M&B Receives $1.6 Million Dollar Verdict in a Breach of Contract Case

The Plaintiff Chris Kolb was a salesman for a company known as CTA in Madison County, Alabama. CTA sold robots and robotic systems for applying paint and stealth coatings. These products and services were mostly sold to government contractors such as Boeing and Lockheed Martin. In May of 1999 Kolb was promoted to a salesman. As a part of this promotion Kolb signed a written contract that paid him the same base salary he was previously earning with the company but also entitled him to earn commissions. Attached to the contract was a detailed commissions schedule that outlined how the commissions were to be calculated. (It was not simply a percentage of the sale). Kolb worked under this contract from May 1999 to October 2003. During this time frame, Kolb sold over $23M worth of product and services for CTA. In October 2003, he signed another written contract that increased his salary and promoted him to VP of Sales. This October 2003 contract eliminated Kolb’s right to receive commissions on future sales. In October 2003, CTA began to negotiate the sale of the company and it was officially sold to Pratt & Whitney Automation in June 2004.

The Defendant in this lawsuit, PWA claimed that in June of 2000, Kolb agreed to accept a new position of Sales Manager and a raise that eliminated his right to commissions. During the course of the litigation, the Defendant produced an unsigned document that they claimed Kolb signed and agreed to which eliminated his right to commissions. Despite numerous requests, the Defendant could not produce a signed version of this document. Furthermore, the unsigned document they produced was proved to be a forgery by the Plaintiff at trial. The unsigned document had an address for the company that did not exist for over a year after the date on the document. The unsigned document was dated June 23, 2000. The company did not move to the address on the document until May/June 2001. This phony document certainly created a lot of “heat” in the case.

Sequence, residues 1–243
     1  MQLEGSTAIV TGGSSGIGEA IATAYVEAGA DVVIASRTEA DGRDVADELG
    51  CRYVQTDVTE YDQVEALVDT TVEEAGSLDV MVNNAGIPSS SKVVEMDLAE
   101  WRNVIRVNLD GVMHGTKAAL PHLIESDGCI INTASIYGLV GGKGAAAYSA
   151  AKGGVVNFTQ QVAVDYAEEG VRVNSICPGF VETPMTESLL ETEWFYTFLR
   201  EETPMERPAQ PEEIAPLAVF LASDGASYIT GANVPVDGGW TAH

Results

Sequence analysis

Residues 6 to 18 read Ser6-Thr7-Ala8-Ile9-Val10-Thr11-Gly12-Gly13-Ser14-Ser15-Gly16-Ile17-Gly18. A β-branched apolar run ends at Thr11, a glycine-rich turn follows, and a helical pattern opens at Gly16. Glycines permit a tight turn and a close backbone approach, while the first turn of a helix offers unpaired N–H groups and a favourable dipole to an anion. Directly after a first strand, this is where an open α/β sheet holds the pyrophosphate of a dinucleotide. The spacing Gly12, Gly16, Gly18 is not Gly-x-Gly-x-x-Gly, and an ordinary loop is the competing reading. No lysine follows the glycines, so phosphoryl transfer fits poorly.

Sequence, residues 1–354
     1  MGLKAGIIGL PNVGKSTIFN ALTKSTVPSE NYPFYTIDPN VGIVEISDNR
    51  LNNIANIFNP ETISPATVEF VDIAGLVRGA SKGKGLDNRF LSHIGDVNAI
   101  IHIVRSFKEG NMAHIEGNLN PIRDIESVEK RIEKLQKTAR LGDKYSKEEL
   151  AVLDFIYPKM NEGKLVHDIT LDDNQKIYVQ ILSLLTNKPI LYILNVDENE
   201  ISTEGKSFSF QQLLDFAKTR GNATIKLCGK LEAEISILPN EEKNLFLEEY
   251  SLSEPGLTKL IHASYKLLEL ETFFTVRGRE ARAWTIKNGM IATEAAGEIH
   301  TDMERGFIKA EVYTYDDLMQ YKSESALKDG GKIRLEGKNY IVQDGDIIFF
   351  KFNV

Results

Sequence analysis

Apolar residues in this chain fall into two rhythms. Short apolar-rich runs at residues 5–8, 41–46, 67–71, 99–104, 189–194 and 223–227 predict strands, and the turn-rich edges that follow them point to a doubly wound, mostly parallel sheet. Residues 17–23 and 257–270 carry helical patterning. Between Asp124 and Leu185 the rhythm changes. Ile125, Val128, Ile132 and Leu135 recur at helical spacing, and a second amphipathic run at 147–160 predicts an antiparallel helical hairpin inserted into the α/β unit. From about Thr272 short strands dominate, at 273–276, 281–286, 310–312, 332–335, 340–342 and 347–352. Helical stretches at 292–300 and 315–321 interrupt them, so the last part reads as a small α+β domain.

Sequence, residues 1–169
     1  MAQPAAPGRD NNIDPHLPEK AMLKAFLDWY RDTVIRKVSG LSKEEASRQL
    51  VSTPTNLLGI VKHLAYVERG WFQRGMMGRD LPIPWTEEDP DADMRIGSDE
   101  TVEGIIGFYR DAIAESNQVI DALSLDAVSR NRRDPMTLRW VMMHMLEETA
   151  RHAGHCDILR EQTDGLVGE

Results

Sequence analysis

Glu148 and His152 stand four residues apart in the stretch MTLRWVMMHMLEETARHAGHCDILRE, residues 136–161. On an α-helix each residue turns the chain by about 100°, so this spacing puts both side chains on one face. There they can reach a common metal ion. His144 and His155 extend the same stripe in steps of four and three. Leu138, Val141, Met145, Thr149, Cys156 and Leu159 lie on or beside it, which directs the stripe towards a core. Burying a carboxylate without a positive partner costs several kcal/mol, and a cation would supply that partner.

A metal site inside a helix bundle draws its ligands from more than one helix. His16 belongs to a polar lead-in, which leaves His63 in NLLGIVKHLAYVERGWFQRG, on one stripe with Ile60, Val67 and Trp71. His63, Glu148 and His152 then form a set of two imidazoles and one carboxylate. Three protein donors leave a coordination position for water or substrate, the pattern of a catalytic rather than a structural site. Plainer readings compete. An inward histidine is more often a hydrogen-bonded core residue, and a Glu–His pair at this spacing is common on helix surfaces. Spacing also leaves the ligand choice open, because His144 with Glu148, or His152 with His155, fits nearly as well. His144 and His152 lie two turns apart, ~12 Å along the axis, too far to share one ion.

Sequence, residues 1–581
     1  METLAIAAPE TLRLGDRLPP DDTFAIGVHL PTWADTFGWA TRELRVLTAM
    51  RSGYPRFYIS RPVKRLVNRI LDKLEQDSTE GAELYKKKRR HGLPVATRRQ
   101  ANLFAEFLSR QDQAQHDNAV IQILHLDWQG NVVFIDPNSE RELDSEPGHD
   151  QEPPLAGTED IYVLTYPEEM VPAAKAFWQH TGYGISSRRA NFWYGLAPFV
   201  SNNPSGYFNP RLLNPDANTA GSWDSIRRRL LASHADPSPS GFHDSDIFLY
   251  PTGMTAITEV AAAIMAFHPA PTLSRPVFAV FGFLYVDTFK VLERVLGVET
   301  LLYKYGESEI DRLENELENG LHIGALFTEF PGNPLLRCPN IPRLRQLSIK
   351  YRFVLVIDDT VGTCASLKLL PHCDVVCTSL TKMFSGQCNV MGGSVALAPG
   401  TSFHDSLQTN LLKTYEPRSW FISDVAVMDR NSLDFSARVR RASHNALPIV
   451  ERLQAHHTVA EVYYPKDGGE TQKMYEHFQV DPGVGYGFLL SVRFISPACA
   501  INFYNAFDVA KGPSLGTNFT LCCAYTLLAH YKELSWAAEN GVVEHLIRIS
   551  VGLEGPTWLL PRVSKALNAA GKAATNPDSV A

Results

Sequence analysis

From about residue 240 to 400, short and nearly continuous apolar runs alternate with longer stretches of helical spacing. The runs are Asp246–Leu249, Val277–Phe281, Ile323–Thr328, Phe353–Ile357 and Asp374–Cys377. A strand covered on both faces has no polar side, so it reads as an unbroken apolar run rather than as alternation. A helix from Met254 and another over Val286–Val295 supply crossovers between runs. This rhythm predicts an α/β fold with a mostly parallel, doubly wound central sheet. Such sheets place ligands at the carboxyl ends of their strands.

The Plaintiff established through expert testimony that he was owed over $909,000 in unpaid commissions. Plaintiff also established under Alabama code 8-8-8 he was entitled to 6% interest on these commissions from when they were due, which resulted in a claim for over $700,000 in interest. Thus, the Plaintiff asked the jury to return a verdict in the amount of $1,619,890.98. The jury returned a verdict for this exact amount. Plaintiff’s counsel were Elizabeth Moore, George Beason and Morris Lilienthal of Martinson & Beason, PC in Huntsville, Alabama and Jim Lees of Charleston, West Virginia.